A number of other factors should also be considered when an executor is deciding whether to elect the elective 2010 law. Given the significantly increased estate tax exemption and elective option, historically fewer taxable estate tax returns will be filed for 2010 decedents, potentially increasing the risk of audit if deductions are questionable, if the decedent may have made significant, unreported lifetime transfers, or when valuation of assets includes substantial discounts. Alternatively, the executor of an estate may have difficulty in substantiating the carryover basis of assets in order to file a carryover basis report and elect out of the 2010 estate tax. State estate taxes may also be applicable when a 2010 decedent owns property in another state.

The executor of an estate should also consider the impact that a delay in making the election may have on the distribution of an estate or trust. If a wealthy individual died in January of 2010, and the election changes the amount which would be allocated under a formula bequest to the surviving spouse or others, distribution should be delayed until the election has been filed. In this case, the election could delay distribution of the estate by more than 17 months after the 2010 decedent's death. What if estate assets had been distributed or allocated before December 17, 2010 on the basis of the pre-2010 Act law? Will the executor be required to make an election in that event? Will Court action be required to re-allocate estate assets in a more tax advantageous manner? Answers to these questions may not be available within the next few months.

Although not relevant for most New Hampshire estates, a state death tax deduction is available for 2010 decedent estates who own property subject to tax in another state.

Under the 2010 Act, the deadline for filing a disclaimer with respect to 2010 estates has also been extended until the later of September 19, 2011 or 9 months after the date of death for decedents who died after December 17, 2010. Similar to the estate tax filing deadline, the 9 month deadline had already passed for pre-April 2010 decedents. Beneficiaries may have already accepted some of the property which could have otherwise been disclaimed under the 2010 Act. Also of concern, RSA 563-B:2 expressly provides for qualified disclaimers to be made within 9 months after the death of the deceased owner. However, RSA 563-B:6 expressly provides that this chapter does not "abridge the right of a person to ... disclaim or renounce property or an interest therein under any other statute." Accordingly, a qualified disclaimer executed in accordance with the 2010 Act before September 19, 2011 should be recognized under federal law, and will probably be recognized under state law.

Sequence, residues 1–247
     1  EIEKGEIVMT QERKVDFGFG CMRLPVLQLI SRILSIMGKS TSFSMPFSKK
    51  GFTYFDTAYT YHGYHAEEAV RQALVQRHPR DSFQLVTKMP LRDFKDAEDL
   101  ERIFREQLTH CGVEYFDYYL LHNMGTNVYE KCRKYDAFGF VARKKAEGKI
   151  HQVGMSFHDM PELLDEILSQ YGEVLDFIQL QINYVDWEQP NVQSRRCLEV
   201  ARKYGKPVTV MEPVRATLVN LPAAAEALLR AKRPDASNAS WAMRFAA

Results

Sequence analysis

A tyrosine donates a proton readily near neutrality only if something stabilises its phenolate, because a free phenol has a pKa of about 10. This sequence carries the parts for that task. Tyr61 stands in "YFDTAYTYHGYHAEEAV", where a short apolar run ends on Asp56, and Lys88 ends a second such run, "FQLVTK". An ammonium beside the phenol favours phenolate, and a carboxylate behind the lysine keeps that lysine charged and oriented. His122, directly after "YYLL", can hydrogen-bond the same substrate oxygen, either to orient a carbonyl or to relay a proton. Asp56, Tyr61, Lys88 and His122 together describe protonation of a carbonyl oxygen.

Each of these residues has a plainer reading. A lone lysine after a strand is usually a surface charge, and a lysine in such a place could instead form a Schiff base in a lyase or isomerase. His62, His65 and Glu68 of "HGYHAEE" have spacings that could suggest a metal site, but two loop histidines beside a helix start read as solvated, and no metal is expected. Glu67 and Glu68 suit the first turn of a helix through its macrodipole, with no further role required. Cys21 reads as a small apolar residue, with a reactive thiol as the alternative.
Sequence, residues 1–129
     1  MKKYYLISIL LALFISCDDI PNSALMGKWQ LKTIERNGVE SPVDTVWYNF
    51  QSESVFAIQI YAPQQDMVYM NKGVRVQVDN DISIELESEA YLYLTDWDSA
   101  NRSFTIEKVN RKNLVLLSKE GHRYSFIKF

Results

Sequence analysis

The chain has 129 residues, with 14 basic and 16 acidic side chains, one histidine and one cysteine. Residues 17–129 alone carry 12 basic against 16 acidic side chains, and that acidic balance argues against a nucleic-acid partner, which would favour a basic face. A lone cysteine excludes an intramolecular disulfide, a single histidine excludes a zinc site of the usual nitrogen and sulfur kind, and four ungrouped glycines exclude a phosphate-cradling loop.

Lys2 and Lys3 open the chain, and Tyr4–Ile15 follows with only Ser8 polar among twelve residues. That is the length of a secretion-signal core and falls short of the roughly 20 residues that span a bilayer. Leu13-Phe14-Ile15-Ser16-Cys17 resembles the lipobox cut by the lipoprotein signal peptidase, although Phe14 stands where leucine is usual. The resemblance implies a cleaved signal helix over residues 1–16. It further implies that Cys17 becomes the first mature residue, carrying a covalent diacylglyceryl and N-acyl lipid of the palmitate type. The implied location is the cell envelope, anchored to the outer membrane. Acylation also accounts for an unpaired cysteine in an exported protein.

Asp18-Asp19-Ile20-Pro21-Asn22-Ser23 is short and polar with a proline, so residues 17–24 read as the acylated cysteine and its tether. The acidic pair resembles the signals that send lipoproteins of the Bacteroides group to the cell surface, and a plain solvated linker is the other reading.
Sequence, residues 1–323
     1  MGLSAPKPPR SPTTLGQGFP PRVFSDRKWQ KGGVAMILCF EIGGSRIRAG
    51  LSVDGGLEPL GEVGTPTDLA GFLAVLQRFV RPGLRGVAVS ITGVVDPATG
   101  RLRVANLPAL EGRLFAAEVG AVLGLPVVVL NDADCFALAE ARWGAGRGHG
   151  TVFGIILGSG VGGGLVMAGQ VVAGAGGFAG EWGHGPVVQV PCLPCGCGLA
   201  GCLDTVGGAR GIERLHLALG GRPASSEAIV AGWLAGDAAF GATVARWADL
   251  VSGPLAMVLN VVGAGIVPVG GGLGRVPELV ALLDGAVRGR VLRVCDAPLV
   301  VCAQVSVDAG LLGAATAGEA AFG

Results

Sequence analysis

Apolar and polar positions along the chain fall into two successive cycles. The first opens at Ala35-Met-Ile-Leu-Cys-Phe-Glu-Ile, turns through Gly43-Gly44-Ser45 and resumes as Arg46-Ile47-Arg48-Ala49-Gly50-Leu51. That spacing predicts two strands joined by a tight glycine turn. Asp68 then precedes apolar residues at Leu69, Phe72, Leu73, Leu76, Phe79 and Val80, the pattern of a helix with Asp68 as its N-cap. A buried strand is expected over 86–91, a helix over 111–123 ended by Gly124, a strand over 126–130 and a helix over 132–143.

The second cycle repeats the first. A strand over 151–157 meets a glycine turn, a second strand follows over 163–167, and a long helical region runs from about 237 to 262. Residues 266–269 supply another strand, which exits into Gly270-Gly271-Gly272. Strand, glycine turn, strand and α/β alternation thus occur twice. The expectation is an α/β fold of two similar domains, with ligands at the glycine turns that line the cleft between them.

The portability provisions of the 2010 Act are not effective in 2010, whether or not the executor of an estate elects the application of estate tax for a 2010 decedent.

GST Tax Provisions

The 2010 Act also retroactively reinstated federal GST tax for 2010, but unlike the estate tax, no election is permitted to take advantage of the 2010 law prior to amendment. The retroactive reinstatement of GST tax laws to 2010 clarifies most of the uncertainty which had resulted from the temporary repeal of this tax. A 2010 decedent will be treated as the transferor under IRC section 2652(a)(1), whether or not the executor elects for the estate tax to not apply to the estate.

A $5,000,000 exemption is retroactively imposed for 2010. IRC section 2631. This exemption may be used to shelter transfers to trusts which include a spouse, child, or any other individual who is in a generation higher than grandchildren, including a credit shelter trust, which may ultimately generation skip.

The restoration of a GST exemption for 2010 decedents clarified the application of formula clauses in pre-2010 trusts which referenced this exemption. Since this exemption is not elective, the amount which will pass to the GST exempt trust will be capped at $5,000,000. Formula clauses in trusts which reference the amount which may pass without GST tax (without reference to the GST exemption) should be carefully reviewed to determine the appropriate apportionment of the trust estate.

With respect to any direct skip (a transfer to a grandchild or more remote descendant (skip-persons[5]), or to a trust for the benefit of skip-persons, however, the applicable rate of tax for 2010 was 0%. Although time was short after the enactment of the law before the end of the year, otherwise taxable terminations[6] and taxable distributions[7] from previously created GST non-exempt trusts were essentially exempt from tax as a result of the 0% tax rate.

Similarly, otherwise taxable year-end gifts to skip-persons were advantageous, especially for individuals who could transfer assets to these individuals or to trusts for their benefit within the 2010 gift tax exemption ($1,000,000.) Note that the GST automatic allocation rules will apply to 2010 transfers, so that a gift tax return will need to be filed if the taxpayer wants to elect the 0% tax rate on a taxable transfer, in lieu of the automatic allocation of GST exemption to these transfers.

Also note that although no GST tax will be payable on the 2010 transfer to a trust for the benefit of grandchildren, GST tax would be payable upon the death of a grandchild unless GST exemption is allocated to the trust. The "move-down[8]" rule in IRC section 2653 will continue to apply.